The second theme has received the greatest attention in the US: the impact of choice on performance outcomes, particularly standardized test scores. While students in private schools have higher aggregate scores than their public counterparts, private schools can select more affluent and motivated students. The core issue is therefore whether or not choice mechanisms boost student performance net of the com position of students. A body of research has emerged that attempts to sort out those effects. While there is little consensus, and while disputes usually entail statistical intricacies, there is not any clear data that choice indeed provides a net increase in test scores. Evidence suggests that parents of students in such schools report high levels of satisfaction, and that choice can allow schools to be responsive to the vagaries of parental demand. But such evidence has led some to conclude that public schools would perform similarly given the same resources and ability to select students (Witte 2000).
A third issue deals with organizational characteristics. A central claim by choice advocates is that market forces spark innovations in school pedagogy, curricula, and personnel. Yet research to date on this issue is mixed. American studies suggest that innovation among charter schools is limited (Lubienski 2003). Canadian research similarly suggests that new private schools are rarely innovative in their instruction and structure, though many form niches and specialized identities (Davies & Quirke 2005). One provisional conclusion is that market style choice can trigger more specialized schools, but that such schools rarely deviate from the ”fundamental grammar” of schooling that has been institutionalized over the past century.
A fourth issue involves whether the presence of market competition motivates local public schools to improve, presumably by threatening those schools with the risk of losing students to rivals. For instance, after making a series of bold statistical assumptions, Hoxby (2003) claims that public school test scores indeed climb when they face greater competition. Others acknowledge this broad finding, but attribute it to the greater resources available to public schools in areas with large private enrolments (Arum 1996).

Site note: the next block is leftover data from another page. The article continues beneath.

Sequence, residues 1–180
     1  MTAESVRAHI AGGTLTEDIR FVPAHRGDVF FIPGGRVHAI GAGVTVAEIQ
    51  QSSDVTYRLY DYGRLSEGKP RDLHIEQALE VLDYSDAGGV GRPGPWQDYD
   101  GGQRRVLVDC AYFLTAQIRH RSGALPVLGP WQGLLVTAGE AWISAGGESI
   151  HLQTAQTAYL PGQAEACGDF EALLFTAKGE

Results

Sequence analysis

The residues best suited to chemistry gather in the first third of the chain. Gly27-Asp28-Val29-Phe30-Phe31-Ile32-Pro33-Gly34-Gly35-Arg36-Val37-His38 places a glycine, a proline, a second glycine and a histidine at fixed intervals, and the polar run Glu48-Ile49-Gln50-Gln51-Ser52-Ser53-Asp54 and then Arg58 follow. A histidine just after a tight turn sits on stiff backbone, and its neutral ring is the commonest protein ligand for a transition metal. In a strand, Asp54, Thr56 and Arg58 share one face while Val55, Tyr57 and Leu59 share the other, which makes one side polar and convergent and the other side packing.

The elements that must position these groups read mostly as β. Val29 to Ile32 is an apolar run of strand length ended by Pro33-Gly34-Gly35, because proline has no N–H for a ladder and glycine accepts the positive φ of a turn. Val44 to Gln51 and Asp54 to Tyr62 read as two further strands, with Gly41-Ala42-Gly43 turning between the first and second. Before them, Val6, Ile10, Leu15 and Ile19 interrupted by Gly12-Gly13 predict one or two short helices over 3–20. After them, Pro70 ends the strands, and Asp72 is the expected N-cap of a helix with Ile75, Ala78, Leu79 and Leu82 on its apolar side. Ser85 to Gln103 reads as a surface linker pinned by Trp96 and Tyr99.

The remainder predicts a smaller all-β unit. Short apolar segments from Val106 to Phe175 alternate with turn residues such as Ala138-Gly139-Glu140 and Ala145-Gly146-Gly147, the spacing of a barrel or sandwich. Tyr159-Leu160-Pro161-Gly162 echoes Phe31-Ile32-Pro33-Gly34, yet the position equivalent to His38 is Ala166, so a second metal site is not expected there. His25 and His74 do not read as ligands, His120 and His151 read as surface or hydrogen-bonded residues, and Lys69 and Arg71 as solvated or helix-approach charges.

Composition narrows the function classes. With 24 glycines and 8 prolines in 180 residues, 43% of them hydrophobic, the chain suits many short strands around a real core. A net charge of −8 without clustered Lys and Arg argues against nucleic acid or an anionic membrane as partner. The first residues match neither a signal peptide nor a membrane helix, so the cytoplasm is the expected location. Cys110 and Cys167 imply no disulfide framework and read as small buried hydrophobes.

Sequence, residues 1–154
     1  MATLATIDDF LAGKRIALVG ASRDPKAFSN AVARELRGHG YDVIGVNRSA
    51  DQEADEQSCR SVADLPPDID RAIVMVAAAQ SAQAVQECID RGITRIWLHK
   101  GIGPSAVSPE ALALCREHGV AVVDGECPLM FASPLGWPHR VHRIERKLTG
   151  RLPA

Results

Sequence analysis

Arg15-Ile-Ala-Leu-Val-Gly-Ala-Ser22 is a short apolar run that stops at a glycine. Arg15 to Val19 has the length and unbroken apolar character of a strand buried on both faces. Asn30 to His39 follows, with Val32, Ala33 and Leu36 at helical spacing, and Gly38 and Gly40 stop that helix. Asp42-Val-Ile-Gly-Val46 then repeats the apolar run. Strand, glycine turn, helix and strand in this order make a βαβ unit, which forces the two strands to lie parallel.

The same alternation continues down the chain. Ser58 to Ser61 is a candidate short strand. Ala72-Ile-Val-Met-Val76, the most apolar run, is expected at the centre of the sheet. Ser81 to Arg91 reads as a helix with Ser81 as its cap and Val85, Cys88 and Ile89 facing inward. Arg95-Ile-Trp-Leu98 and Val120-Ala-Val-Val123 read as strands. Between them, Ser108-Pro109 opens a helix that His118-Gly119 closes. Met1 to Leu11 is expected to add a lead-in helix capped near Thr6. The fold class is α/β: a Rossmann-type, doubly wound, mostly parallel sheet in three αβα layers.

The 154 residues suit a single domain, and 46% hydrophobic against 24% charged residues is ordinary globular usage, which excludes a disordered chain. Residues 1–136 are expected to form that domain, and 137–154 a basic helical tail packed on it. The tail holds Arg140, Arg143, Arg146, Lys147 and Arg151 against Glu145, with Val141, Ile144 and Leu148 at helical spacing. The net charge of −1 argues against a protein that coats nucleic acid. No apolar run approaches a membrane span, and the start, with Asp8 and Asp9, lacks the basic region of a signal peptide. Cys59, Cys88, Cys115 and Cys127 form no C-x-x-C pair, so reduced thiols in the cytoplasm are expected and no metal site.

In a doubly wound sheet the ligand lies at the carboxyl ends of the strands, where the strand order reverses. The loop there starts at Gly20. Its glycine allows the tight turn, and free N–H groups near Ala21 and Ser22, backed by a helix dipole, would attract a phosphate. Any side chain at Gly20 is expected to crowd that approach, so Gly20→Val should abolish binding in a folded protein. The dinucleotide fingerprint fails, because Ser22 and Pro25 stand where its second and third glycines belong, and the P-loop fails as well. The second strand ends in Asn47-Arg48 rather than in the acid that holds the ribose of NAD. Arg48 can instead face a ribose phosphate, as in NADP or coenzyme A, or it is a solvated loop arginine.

Much of this research is embroiled in methodological disputes. A core issue among quantitative researchers is how to isolate differences in school performance that are attributable to student versus school characteristics. To better sort out these effects, many researchers use measures of achievement growth instead of cross sectional data, but these longitudinal data are sometimes beset by attrition effects and by limited measures that fail to fully capture differences in motivation and academic preparedness among students. Qualitative researchers face the challenge of exploring emerging types of choice, such as home schooling, private tutoring, and the variety of charter schools. Such studies can potentially contribute to the choice literature by addressing holistic issues such as how parents and educators understand and experience choice, as well as its impact on less quantifiable outcomes like citizenship and community cohesion.
Choice movements will likely continue to thrive as long as competition for prized slots in post-secondary education continues, and as families continue to embrace ”intensive parenting,” a practice that values intimate educational experiences tailored to children’s unique needs (Davies & Quirke 2005). It will probably thrive best where public education is not strong, creating niches for schools with small classes and/or special curricular themes, or in cities with atrophied public offerings. While public schools will continue to cater to the vast bulk of students, choice will be sought by those who are most advantaged, and sometimes by those who are most disadvantaged.
- Arum, R. (1996) Do Private Schools Force Public Schools to Compete? American Sociological Review 61(1): 29-46.
- Chubb, J. & Moe, T. (1990) Politics, Markets and American Schools. Brookings Institution, Washington, DC.
- Davies, S. & Quirke, L. (2005) Providing for the Priceless Student: Ideologies of Choice in an Emerging Educational Market. American Journal of Education 111(4).
- Fuller, B. (2000) Introduction. In: Fuller, B. (Ed.), Inside Charter Schools. Harvard University Press, Cambridge, MA, pp. 1-11.
- Goldhaber, D. D. (1999) School Choice: An Examination of the Empirical Evidence on Achievement, Parental Decision-Making, and Equity. Educational Researcher 28(9): 16-25.
- Hoxby, C. M. (2003) The Economics of School Choice. University of Chicago Press, Chicago.
- Lubienski, C. (2003) Innovation in Education Markets: Theory and Evidence on the Impact of Competition and Choice in Charter Schools. American Education Research Journal 40(2): 395-443.
- Tyack, D. (1974) The One Best System: A History of American Urban Education. Harvard University Press, Cambridge, MA.
- Witte, J. F. (2000) The Market Approach to Education: An Analysis of America’s First Voucher Program. Princeton University Press, Princeton.